We still try to govern the United Kingdom in the 21st Century using the protocols and rules of a bye-gone age. I am sure that the Government's constitutional lawyers must constantly struggle with the many varied interpretations which exist of Magna Carta, trying as best they can to link the relevance of modern day issues with a document written in order to resolve conflicts of interests between the King and Norman Barons in the 13th Century. It was not written with the interests of the wider population in mind. Bearing in mind the passage of time since the Great Charter was written, the case for Constitutional Reform is self evident. Britain must be the only country in the world without a written constitution. Most countries in the West have constitutions written in a single and accessible document, which clearly define rights and responsibilities for the governed and their governments. The Magna Carta makes no mention of either women or children, for like the peasants and yeomen of the day, they were held to be of no account. The references in Magna Carta to Peers originally referred to Barons, yet by a clever devise of political and legal expedience this is now taken to mean everyone. When one considers the huge changes taking place across the world, these contrast with the semi feudal rules and customs which still influence our decisions. Our arrangements are quaint, out-of-date, or in modern parlance "not fit for purpose". When the Magna Carta was originally signed and sealed, all rights to award titles, awards and appointments rested with the Crown. Over time all of this patronage has passed to the Prime Minister. This has put a huge amount of power into the hands of whoever holds this office. We should remember that whilst the electorate participate in electing individual Members of Parliament, they are never directly involved in choosing the Government or the Prime Minister. In normal circumstances, whoever is King or Queen uses historical protocol to invite the Leader of the Party with the largest number of House of Commons members, to form a Government. The amount of power at the centre of our political system is unhealthy. We need to bear in mind that much of our system is not controlled by laws which are on the Statute Book, but by age old practices, with a good deal of nods and winks.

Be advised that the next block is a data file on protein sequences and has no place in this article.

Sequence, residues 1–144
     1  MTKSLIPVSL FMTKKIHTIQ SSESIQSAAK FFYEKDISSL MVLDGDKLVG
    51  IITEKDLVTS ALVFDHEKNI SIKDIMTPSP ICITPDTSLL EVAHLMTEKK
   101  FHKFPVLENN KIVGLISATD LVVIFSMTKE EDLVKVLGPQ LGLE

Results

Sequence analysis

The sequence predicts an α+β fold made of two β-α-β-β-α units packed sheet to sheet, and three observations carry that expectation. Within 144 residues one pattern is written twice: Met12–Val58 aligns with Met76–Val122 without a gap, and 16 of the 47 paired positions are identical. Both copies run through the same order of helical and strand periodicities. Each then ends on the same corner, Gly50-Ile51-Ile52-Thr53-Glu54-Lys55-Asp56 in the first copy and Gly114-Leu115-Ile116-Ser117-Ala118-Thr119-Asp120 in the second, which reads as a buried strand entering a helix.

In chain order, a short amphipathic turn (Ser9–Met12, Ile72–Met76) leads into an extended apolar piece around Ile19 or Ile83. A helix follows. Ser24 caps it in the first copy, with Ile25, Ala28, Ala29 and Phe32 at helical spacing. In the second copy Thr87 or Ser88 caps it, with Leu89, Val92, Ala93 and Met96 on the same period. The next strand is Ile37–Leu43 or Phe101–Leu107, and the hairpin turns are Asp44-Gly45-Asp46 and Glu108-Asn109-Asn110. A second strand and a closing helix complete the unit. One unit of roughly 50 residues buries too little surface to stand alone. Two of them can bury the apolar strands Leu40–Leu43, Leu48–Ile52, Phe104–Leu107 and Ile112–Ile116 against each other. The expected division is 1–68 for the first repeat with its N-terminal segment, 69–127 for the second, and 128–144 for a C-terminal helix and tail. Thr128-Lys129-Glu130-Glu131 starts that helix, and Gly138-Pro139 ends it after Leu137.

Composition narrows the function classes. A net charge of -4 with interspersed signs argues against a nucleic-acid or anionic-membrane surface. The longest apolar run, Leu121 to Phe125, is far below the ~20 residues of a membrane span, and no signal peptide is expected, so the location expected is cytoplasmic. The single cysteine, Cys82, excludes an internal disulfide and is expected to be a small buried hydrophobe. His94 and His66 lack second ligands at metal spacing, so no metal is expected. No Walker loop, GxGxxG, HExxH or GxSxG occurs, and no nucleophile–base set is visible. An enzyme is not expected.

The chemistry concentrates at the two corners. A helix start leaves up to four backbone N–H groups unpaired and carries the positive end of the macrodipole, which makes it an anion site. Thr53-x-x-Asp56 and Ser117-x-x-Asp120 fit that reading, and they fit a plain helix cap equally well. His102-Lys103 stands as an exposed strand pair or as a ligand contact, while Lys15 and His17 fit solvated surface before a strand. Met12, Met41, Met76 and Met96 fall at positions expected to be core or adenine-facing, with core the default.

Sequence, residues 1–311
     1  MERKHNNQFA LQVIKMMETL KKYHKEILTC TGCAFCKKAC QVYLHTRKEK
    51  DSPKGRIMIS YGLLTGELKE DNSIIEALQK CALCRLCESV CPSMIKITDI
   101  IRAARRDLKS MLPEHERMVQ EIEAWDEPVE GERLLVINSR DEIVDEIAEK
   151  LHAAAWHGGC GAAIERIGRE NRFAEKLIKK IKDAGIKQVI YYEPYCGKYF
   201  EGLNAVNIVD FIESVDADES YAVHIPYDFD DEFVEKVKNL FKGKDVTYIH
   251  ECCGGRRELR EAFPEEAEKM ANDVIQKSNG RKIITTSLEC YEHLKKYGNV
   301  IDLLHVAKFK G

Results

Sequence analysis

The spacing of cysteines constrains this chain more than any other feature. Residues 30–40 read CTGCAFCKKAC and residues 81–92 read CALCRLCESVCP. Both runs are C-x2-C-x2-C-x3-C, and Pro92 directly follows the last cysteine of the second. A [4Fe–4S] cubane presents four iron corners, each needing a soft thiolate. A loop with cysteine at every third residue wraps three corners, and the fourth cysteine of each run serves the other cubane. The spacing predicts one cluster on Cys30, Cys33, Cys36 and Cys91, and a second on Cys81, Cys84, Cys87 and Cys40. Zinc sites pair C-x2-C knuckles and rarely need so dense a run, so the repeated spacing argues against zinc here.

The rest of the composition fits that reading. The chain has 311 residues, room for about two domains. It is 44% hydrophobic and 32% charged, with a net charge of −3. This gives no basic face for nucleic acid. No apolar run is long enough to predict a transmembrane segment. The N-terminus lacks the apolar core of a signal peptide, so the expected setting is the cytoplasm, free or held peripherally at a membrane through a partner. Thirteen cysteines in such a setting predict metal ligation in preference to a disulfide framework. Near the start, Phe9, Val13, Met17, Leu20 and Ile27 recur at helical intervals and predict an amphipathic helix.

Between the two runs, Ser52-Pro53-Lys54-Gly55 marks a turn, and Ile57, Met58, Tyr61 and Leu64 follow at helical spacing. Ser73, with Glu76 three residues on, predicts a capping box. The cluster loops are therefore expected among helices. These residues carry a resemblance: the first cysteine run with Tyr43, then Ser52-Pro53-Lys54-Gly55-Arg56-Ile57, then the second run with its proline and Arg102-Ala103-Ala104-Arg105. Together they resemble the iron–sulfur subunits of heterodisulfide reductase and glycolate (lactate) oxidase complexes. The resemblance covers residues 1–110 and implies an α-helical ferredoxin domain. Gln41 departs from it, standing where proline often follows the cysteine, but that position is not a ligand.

This is hardly a way for a democracy to work in the here and now. To my own knowledge and experience, we can today see our way of life changing more rapidly then any time over the past 70 years. There are a number of issues thrown up by the modern life-style of living in the fast lane, which we do not have the ability to find solutions to. Of these, the impact of new technology upon employment is not yet fully understood: yet this is coupled to the global market with its swift movement of both money and decisions. It is imperative that we create a democracy that is both strong and able to respond to the strains of the system. On top of the problems created by new technology, we have to find answers as to how we cope with climate change. After the summer we have just experienced, most people should be convinced that climate change is actually with us. Governments have paid insufficient notice to scientists, whilst listening instead to the lobbyists from big business.

Even as I write politicians are still beating the drum for competition and more competition, when what is needed is co-operation. In the present circumstances it is only by co-operation that we shall survive. We face an uncertain future, with crops destroyed by storms, forest fires and floods. These take place in the context of market forces creating unstable economies and declining resources. For the first time in 60 years we are witnessing a decline in our living standards.

Yet our needs to tackle both climate change and impacts of our private enterprise system, are also key constitutional issues. This is because our parliamentary system has a cosy relationship with big business and its comprehensive lobbying system, which acts as a barrier to the essential changes which are needed for the general well-being. Examples of corporate connivance abound, such as the attempts governments have taken over several years to get a simple system into our shops and supermarkets whereby customers can readily distinguish between healthy and unhealthy products. I defy anyone to tell at a glance whether what they have purchased is actually healthy or not.  This is just one example of the business community influence in blocking governmental objectives, on top of which large numbers of MPs have both direct and indirect links with business. For example, these are never worried about matters such as the amount of salt contained in a packet of crisps.

I was a schoolboy during the Second World War. Squadron after squadron of Luftwaffe Bombers would drop thousands of incendiary bombs, not only on our docks and factories, but our residential estates were targeted. We suffered power cuts, severed water mains, rationing and frequent food shortages. We survived only by co-operation, not competition. Out of this approach an improved life was built after the Second World War. But what was achieved is now being destroyed. We will move into a permanent state of chaos, unless  we learn to throw off the political lethargy that currently prevails at almost every level of society. I honestly can't see the needed leadership grit and determination coming from our current political parties. They have been seduced and corrupted by Capital, which has robbed them of their freedom of thought and action.